In the freight and trucking business, no two days are the same. There are constant fluctuations in pricing, shipping, and more that force you to stay on your toes.
Because of the constant changes in this industry, fright business owners tend to neglect business planning, or even making goals.
Although it may seem as if there are no concrete ways to gain profits in this industry, there are a few keys to profitability.
3 Keys to Profitability in the Freight Industry
1. Pricing for Profits
Because the freight industry is constantly changing, it is important to price for profitability. Just as no two days are the same, no two clients are the same – so don’t price them the same. Each assignment or order should be analyzed to assess the likely costs and length of time required for completion.
It is important to play it conservative during your assessment. Although some unexpected expenses can happen, those shouldn’t affect the pricing. Those unexpected expenses should be factored into the profit margin to ensure the company’s liquidity – even if the worst were to occur.
When assessing your expenses, consider the following:
- Labor Costs
- Fuel Costs
- Vehicle Maintenance Costs
- Fees for Licenses
- Administrative Costs
- Lease, Mortgage, or Rental Costs
- Liability and Insurance Costs
- Monthly Vehicle Costs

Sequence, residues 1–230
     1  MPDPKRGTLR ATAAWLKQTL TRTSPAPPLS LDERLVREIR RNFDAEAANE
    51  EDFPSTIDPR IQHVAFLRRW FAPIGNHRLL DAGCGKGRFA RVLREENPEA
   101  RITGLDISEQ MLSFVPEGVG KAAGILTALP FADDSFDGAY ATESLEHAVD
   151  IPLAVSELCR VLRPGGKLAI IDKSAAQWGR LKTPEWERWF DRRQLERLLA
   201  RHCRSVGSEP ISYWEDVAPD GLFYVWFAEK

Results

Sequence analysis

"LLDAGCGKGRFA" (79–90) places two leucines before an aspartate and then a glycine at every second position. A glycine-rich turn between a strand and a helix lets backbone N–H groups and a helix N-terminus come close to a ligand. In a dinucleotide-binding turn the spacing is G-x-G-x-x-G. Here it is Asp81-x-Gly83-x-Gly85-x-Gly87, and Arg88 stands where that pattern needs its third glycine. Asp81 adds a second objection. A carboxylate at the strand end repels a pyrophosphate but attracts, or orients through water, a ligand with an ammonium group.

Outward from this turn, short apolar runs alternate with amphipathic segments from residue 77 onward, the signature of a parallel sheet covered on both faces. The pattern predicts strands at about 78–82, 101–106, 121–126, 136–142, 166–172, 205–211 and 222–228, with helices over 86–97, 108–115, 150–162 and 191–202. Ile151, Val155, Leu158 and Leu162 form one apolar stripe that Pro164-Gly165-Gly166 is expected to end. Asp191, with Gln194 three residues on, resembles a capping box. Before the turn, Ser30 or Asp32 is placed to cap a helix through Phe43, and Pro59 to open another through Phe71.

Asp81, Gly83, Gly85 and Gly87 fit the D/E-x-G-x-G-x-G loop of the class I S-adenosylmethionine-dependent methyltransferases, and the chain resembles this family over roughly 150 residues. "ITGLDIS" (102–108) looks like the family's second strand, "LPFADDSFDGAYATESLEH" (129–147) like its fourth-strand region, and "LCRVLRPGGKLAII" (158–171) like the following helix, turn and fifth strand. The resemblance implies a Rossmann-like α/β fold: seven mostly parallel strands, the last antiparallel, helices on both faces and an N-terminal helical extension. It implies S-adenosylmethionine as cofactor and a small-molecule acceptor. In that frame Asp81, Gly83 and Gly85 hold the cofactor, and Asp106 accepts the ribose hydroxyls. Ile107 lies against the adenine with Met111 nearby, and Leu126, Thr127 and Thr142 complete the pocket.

By considering these costs, this will act as the basis of where your pricing should be for each individual order.
2. Maximize Efficiency
In trucking, there are many ways to increase efficiencies. One of the easiest ways for your freight business to increase profits and efficiencies is to always scour for more jobs. While your drivers are out, check to see if there are any jobs in their path. In some cases, drivers may be able to pick up a load of freight near the drop off or delivery destination and complete a job in a nearby location.
This can increase your efficiencies and bring your business more profits. Just remember, an empty truck is bringing your business zero profits.
It is important that both you and your drivers understand the capacity of their truck. If you send out your driver with a full truck – they must know that they cannot pick up any orders on the way. Overbooking your truck is the easiest way to make customers upset and tarnish the reputation of your business.
3. Stabilize Cash Flow with Freight Factoring
Unfortunately, one thing that is consistent about the freight business is inconsistent cash flow. Clients are notorious for being late on their invoices. Sometimes, it takes clients anywhere from 30, 60, to 90 days to fulfill payments – causing major cash shortages for your business. With poor cash flow, your business is less likely to be able to grow.
Stabilizing your freight business’s cash flow is easier than you might think. One simple solution is freight factoring. With freight factoring, a factoring company will purchase your business’s outstanding invoices and advance you up to 96% of its total with low rates.
Freight factoring shouldn’t be compared to a loan, as you are getting the money that is already owed to your business – not taking on a monetary loan. This helps keep your business’s credit safe, and gives you the ability to quickly build a cash reserve and stabilize your cash flow.